In a way, we can thus view DP as operating dangerously close to the edge of brute-force search: although it’s systematically working through the exponentially large set of possible solutions to the problem, it does this without ever examining them all explicitly. It is because of this careful balancing act that DP can be a tricky technique to get used to; it typically takes a reasonable amount of practice before one is fully comfortable with it.


Let’s go over a couple of well-known optimization problems that use the dynamic programming algorithmic design approach:

3 - Weight Interval Scheduling Problem

We have seen that a particular greedy algorithm produces an optimal solution to the Basic Interval Scheduling problem, where the goal is to accept as large a set of non-overlapping intervals as possible. The Weighted Interval Scheduling problem is strictly more general version, in which each interval has a certain weight, and we want to accept a set of maximum weight. The input is a set of time-intervals, where each interval has a weight. The output is a subset of non-overlapping intervals. Our objective is to maximize the sum of the weights in the subset. A simple recursive approach can be viewed below:

Weighted-Scheduling-Attempt ((s_{1}, f_{1}, c_{1}), …, (s_{n}, f_{n}, c_{n})):
1 - Sort intervals by their finish time.
2 - Return Weighted-Scheduling-Recursive (n)

Weighted-Scheduling-Recursive (j):
1 - If (j = 0) then Return 0
2 - k = j
3 - While (interval k and j overlap) do k—-
4 - Return max(c_{j} + Weighted-Scheduling-Recursive (k), Weighted-Scheduling-Recursive (j - 1))

The idea is to find the latest interval before the current interval (in the sorted array) that does not overlap with current interval arr[j — 1]. Once we find such an interval, we recurse for all intervals until that interval and add weight of current interval to the result. Although this approach works, it fails spectacularly because of redundant sub-problems, which leads to exponential running time. To improve time complexity, we can try a top-down dynamic programming method known as memoization. We could store the value of Weighted-Scheduling Recursive in a globally accessible place the first time we compute it and then simply use this precomputed value in place of all future recursive calls. Below you can see an O(n²) pseudocode for this approach:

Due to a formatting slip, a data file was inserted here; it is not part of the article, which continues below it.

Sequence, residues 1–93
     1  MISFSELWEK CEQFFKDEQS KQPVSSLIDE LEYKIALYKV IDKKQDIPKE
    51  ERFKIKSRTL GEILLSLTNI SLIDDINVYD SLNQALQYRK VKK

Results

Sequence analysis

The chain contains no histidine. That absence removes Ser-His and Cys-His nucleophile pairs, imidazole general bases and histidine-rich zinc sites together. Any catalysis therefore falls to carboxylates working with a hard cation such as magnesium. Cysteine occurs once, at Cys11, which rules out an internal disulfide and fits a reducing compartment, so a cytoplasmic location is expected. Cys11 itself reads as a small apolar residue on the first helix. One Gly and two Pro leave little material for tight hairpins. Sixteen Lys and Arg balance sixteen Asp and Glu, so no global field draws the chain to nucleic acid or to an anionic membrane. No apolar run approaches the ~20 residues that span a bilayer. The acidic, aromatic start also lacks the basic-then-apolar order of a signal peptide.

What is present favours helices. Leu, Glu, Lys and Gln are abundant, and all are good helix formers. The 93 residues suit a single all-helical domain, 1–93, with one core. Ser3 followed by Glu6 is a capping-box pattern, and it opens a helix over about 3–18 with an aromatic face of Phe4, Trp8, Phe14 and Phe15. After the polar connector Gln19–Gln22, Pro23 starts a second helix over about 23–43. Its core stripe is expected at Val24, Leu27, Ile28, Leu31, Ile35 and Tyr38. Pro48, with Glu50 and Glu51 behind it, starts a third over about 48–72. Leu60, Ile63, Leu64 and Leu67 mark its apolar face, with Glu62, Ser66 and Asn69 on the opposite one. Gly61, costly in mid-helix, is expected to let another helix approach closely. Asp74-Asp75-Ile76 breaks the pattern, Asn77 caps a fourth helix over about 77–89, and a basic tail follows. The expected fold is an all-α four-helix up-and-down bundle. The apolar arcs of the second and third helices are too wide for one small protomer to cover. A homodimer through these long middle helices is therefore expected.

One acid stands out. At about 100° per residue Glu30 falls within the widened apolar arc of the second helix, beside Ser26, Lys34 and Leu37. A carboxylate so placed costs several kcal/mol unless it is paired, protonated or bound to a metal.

Weighted-Sched ((s_{1}, f_{1}, c_{1}), …, (s_{n}, f_{n}, c_{n})):
1 - Sort intervals by their finish time.
2 - Define S[0] = 0
3 - For j = 1 to n do:
4 -     k = j
5 -     While (intervals k and j overlap) do k—-
6 -     S[j] = max(S[j - 1], c_{j} + S[k])
7 - Return S[n]

An example of the execution of Weighted-Sched is depicted in the image below. In each iteration, the algorithm fills in one additional entry of the array S, by comparing the value of c_j + S[k] to the value of S[j — 1]. Here, k is the largest index of an interval c_j and does not overlap with j.


4 - Longest Increasing Subsequence Problem

For this problem given an input as a sequence of numbers, we want an output of an increasing subsequence. Our goal is to maximize the length of that subsequence. Using dynamic programming again, an O(n^2) algorithm follows: